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Executive Report - By Thomas Baekdal - March 2015

The Demise of Old TV

The trend of the connected world is finally catching up with the old world of TV. For years, we have been talking about the trend of cord-cutters, on-demand, and a shift in ad budgets. For years, we have been predicting that this would lead to a shift in TV usage, and the 'death' of old TV. But, old TV still held strong and was even growing. As such we had two trends.

One trend was a slow but steady increase in what is known as SVOD, or Subscription-based Video On Demand services, like Netflix, Hulu, but also YouTube and web video in general. And while the trend for these are crystal clear, they still had a very long way to go before they could challenge the old world of TV.

At the same time, we have another trend of a slow but steady growth in TV viewership. Yes, old TV was growing, not declining as you would expect.

To put this into perspective, here is how people watched the USA vs Germany during the World Cup, often mentioned as an example of how digital streaming is the future. Yes, a lot of people watched it online, but old TV still rules supreme (and quite a lot of people didn't watch it at all).

So, for years, we have had a bit of a dilemma as analysts. Both trends were real. People were both cutting cable, and watching more old TV. And we could see a positive movements in both trends.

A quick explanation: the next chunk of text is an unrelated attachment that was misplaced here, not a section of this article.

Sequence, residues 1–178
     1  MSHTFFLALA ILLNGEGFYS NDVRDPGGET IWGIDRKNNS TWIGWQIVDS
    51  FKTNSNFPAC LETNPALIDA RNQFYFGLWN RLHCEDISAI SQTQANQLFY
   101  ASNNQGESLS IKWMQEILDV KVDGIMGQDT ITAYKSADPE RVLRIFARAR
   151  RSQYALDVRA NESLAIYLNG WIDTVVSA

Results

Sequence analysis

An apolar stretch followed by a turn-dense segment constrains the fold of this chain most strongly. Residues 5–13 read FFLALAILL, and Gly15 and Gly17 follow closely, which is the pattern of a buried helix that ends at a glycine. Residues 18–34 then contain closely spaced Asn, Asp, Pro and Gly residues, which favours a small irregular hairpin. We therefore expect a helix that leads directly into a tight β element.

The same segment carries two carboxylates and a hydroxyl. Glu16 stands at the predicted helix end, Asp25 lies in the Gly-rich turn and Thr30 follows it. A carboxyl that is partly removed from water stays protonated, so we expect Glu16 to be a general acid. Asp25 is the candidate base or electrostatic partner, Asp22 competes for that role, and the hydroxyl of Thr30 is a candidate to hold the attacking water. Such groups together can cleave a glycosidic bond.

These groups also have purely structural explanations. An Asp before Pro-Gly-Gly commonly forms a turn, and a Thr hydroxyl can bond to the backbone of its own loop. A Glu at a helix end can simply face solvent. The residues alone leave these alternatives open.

It's cases like these where we have to look at things in a different way. First of all, we need to look at it from a real-time case of what's important right now. For instance, if you are brand planning to run your next advertising campaign, neither of these trends makes any difference whatsoever. You need to be where your audience is, and if that is on TV... well, that's brilliant. Go for it.

But we also need to look at the future perspective. We can't have two completely opposite trends both growing forever. One has to fail at some point. And from this perspective, the future seems pretty obvious. Old style TV, where you have to wait for something to show up on a specific channel at a specific time and day, doesn't stand much of a chance. The future clearly belongs to time-shifted, on-demand, subscription based TV.

Or simplified, the old form of TV is dead. It just doesn't know it yet.

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Thomas Baekdal

Founder, media analyst, author, and publisher. Follow on Twitter

"Thomas Baekdal is one of Scandinavia's most sought-after experts in the digitization of media companies. He has made ​​himself known for his analysis of how digitization has changed the way we consume media."
Swedish business magazine, Resumé


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